“As If She Were Single”: Working Wives and the Late Medieval English Femme Sole

  • Brian W. Gastle
Part of the The New Middle Ages book series (TNMA)


This essay demonstrates how the legal term, femme sole, emerged and changed from the late thirteenth through early fifteenth centuries in England, and outlines the ways in which that classification disrupted medieval notions of marital obligation and equity associated with the marriage debt.


Single Woman Fifteenth Century Fourteenth Century Marriage Contract Legal Documentation 
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    For a discussion of single women and widows operating as femmes soles see Amy M. Froide, “Marital Status as a Category in Early Modern England,” in Singlewomen in the European Past 1250–1800, ed. Judith M. Bennett and Amy M. Froide (Philadelphia: University of Pennsylvania Press, 1999), pp. 246–48 [236–69].Google Scholar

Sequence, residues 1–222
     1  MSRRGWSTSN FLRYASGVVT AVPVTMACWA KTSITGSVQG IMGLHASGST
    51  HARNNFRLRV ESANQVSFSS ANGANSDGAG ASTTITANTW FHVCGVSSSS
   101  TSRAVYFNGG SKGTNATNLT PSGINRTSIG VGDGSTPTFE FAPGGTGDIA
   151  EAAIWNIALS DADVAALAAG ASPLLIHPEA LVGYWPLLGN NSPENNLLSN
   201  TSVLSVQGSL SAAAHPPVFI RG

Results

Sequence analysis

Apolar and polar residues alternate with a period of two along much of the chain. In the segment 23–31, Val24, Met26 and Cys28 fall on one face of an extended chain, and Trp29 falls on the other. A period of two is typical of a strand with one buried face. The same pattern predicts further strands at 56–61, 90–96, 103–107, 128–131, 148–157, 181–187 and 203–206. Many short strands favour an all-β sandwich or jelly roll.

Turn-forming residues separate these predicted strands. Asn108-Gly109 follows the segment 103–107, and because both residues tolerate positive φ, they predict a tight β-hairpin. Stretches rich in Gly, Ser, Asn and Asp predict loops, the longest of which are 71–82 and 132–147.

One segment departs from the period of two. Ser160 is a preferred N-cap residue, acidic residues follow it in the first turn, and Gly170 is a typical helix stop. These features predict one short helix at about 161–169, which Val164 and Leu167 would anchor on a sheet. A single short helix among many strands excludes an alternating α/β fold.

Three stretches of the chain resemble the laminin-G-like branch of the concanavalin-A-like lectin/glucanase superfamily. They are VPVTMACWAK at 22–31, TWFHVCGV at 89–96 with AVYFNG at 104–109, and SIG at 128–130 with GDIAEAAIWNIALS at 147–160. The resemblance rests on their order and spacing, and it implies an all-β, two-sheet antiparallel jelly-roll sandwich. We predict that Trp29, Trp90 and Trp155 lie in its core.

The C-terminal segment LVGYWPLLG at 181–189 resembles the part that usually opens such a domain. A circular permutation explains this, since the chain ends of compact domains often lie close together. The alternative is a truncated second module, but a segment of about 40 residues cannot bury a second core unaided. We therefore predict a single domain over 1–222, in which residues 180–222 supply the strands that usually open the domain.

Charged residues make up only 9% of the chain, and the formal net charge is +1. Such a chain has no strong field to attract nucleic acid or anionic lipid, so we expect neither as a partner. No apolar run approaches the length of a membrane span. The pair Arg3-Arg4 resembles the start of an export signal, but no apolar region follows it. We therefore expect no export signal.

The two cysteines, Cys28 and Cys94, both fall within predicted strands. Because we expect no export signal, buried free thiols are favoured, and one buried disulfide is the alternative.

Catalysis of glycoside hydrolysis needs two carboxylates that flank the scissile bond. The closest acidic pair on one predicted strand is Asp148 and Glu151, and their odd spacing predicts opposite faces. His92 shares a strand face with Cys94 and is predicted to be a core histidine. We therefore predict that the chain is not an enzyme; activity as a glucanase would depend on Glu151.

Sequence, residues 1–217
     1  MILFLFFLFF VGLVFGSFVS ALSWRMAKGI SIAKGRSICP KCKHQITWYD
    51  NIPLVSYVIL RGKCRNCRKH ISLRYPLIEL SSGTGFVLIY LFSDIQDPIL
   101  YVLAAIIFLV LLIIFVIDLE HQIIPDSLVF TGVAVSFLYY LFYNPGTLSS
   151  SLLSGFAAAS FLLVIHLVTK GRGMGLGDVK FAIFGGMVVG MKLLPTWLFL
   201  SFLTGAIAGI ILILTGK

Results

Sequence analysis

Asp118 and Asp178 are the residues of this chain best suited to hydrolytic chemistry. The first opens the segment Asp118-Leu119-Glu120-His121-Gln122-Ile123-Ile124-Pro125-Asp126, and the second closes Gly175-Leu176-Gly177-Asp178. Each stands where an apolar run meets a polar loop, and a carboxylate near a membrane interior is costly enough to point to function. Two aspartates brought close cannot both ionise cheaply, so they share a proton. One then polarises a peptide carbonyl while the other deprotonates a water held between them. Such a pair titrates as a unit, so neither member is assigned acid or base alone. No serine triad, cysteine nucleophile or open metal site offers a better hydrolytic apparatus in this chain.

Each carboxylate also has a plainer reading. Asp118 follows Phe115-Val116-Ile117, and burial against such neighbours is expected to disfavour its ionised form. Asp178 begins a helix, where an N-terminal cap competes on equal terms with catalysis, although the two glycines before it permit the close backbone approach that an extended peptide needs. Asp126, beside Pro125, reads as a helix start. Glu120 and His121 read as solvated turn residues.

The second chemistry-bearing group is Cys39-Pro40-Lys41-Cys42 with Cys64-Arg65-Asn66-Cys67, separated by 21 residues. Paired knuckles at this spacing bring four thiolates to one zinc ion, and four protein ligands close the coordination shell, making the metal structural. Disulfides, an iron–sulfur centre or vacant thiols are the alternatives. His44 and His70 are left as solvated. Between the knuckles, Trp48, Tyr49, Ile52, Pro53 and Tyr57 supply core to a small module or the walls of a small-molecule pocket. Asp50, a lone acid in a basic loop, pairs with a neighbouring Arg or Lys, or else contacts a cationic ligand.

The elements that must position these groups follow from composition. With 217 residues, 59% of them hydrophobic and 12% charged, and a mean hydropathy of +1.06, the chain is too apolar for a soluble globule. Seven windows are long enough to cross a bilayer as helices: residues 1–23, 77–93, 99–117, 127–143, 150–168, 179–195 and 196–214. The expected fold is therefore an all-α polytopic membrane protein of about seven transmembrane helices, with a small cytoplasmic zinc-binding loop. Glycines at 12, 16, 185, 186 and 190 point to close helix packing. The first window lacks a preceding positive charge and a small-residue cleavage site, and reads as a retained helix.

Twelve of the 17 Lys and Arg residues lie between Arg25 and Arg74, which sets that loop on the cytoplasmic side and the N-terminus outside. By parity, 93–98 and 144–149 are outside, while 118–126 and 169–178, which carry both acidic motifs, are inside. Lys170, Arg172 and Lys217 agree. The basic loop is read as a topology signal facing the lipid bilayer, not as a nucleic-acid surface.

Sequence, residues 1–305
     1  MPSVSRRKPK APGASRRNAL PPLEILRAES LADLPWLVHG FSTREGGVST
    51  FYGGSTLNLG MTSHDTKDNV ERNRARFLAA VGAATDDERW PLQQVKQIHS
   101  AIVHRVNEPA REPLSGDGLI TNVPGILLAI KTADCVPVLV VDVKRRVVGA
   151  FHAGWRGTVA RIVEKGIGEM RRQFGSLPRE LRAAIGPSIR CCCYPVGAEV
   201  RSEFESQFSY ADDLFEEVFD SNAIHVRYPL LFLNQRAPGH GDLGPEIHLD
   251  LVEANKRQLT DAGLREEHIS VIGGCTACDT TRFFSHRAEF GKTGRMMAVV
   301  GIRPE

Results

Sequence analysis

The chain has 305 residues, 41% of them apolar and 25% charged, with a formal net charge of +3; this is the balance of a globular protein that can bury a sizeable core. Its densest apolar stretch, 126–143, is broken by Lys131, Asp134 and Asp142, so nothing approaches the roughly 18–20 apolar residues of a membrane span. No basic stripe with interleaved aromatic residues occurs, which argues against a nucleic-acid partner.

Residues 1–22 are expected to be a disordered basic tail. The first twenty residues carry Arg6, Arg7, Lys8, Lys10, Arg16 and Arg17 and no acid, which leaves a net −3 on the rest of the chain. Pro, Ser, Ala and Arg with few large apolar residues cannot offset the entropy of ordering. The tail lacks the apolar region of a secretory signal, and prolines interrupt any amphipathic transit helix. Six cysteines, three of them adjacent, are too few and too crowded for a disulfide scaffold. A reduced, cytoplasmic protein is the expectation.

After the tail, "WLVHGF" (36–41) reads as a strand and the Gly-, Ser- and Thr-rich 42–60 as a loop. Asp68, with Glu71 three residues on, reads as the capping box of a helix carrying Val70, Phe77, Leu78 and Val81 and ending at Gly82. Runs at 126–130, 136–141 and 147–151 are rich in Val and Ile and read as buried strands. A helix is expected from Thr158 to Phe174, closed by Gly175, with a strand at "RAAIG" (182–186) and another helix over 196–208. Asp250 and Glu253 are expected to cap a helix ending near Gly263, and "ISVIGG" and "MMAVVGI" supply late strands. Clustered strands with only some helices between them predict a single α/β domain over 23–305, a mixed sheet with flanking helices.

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© Kellie Robertson and Michael Uebel 2004

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  • Brian W. Gastle

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